1. We are invited in this rule to set aside an order made by the Sub-Divisional Magistrate of Contain, under Section 133 of the Criminal Procedure Code. On the 24th May a conditional order was made against the petitioners under that section. They showed cause on the 19th June and denied that there was any public road at the place where they had erected the disputed hedge. On that date the Magistrate recorded an order to the effect that he would hold a local enquiry on the 30th June. The local enquiry was as a matter of fact held on the 4th July, and the Magistrate appears to have gathered information from the people on the spot, the majority of whom made statements which, if accepted, would justify an order under Section 133 of the Criminal Procedure Code. Three days later, the order now in question was passed. The petitioners take exception on the ground that the Magistrate has not acted in accordance with the provisions of the Criminal Procedure Code and that the order cannot be supported as it is not based upon any legal evidence. In our opinion, it cannot be reasonably disputed that the proceedings are irregular, but it has been urged by the Magistrate as also by the Sessions Judge that this is not a criminal proceeding and that as the parties consented to an irregular procedure, they cannot now invite the Court to set aside the proceedings on the ground that they were irregular. The Magistrate in his explanation submitted to this Court states that the parties consented that he should hold a local investigation and that any order that he might make upon information gathered on the spot would be treated as binding upon them. There is a controversy as to what was actually agreed upon by the parties before the Magistrate; but we shall proceed on the assumption that the present petitioners consented to abide by any order which the Magistrate might make upon the result of his local investigation. The question arises, whether an order of this description is contemplated by the Code.
2. Section 135 provides that the person against whom a conditional order has been made may either show cause against the order or apply to the Magistrate by whom it was made to appoint a jury to try whether the same is reasonable and proper. If he adopts the first of these courses, Section 137 prescribes the procedure to be followed. If he adopts the second course, Section 158 prescribes the procedure to be adopted by the Magistrate. In the case before us, as the petitioners appeared and showed cause, we have to apply the provisions of Section 137. Sub-section 1 of that section provides that if the person called upon to show cause appears and shows cause against the order, the Magistrate shall take evidence in the matter as in a summons case. Sections 354 and 355 then indicate the procedure to be followed in recording the evidence. The language used by the Legislature in Section 137 is, as observed in Kishori Lal v. Emperor 13 C.W.N. 367; 4 Ind. Cas. 72; 10 Cr. L.J. 494 clearly mandatory, and, if the party appears to show cause, the only course open to the Magistrate is to take evidence in the matter as in a summons case. The law does not contemplate that ho should act as an arbitrator at the instance of the parties. The reason for this is manifest.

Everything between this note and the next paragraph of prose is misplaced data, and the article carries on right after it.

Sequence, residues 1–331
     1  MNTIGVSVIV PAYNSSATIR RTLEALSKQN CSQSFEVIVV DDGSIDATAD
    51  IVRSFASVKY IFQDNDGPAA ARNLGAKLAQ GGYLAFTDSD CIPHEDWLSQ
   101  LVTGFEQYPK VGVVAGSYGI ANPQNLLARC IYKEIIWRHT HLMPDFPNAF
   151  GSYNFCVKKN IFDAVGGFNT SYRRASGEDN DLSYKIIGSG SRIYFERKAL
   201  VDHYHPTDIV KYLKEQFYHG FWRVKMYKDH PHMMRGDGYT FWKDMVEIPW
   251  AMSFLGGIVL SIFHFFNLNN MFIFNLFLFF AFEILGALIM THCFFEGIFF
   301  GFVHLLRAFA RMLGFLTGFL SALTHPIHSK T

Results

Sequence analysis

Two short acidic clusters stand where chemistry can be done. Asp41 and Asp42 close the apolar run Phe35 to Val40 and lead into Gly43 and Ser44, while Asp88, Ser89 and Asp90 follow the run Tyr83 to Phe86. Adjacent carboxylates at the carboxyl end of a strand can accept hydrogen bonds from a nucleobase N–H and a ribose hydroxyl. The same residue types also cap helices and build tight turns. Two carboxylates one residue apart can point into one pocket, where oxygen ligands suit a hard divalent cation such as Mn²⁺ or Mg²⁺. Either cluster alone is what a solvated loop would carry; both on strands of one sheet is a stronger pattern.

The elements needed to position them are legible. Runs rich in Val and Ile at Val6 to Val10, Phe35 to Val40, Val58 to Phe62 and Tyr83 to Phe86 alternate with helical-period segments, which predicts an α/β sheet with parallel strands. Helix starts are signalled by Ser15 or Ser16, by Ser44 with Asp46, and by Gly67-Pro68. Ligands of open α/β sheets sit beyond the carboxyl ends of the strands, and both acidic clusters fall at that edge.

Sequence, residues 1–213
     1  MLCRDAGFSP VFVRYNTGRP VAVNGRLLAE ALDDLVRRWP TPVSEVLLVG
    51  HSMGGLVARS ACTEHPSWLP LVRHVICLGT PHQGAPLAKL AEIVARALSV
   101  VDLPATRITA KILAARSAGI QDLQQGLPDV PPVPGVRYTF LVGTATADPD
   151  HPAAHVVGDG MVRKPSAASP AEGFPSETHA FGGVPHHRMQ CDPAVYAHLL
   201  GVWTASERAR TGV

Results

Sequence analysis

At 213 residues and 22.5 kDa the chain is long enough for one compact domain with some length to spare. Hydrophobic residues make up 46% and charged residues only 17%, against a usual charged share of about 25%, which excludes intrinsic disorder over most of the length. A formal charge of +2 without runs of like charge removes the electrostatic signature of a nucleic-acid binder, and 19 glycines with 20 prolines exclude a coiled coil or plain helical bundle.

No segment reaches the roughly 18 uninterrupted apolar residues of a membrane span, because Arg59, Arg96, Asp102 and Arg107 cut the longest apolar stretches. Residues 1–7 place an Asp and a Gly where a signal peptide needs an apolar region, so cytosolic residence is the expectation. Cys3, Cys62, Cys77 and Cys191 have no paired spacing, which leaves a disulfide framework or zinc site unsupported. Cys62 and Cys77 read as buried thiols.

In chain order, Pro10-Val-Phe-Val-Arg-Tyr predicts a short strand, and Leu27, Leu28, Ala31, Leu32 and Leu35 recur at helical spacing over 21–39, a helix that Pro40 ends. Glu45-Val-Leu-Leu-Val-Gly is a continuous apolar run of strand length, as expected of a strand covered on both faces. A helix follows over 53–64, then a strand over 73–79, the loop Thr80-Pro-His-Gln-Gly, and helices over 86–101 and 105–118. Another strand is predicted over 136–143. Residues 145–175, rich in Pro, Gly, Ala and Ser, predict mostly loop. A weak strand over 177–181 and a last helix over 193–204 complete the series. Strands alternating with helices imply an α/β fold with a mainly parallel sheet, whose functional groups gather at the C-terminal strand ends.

3. As in a proceeding under Section 133, public rights are involved, the matter must be determined by the Court upon legal evidence and not made the subject of compromise by the disputing parties. In this view of the matter, it is clear that even upon the assumption that the present, petitioners agreed to abide by the decision of the Magistrate based, not upon evidence legally received, but upon information gathered upon local enquiry, the order of the Magistrate cannot be supported. No waiver on the part of the petitioners could confer on the Magistrate authority to act in a manner not prescribed by the Legislature. The result, therefore, is that the Rule must be made absolute and the order of the Court below discharged. The costs if any, paid by the petitioners must be refunded.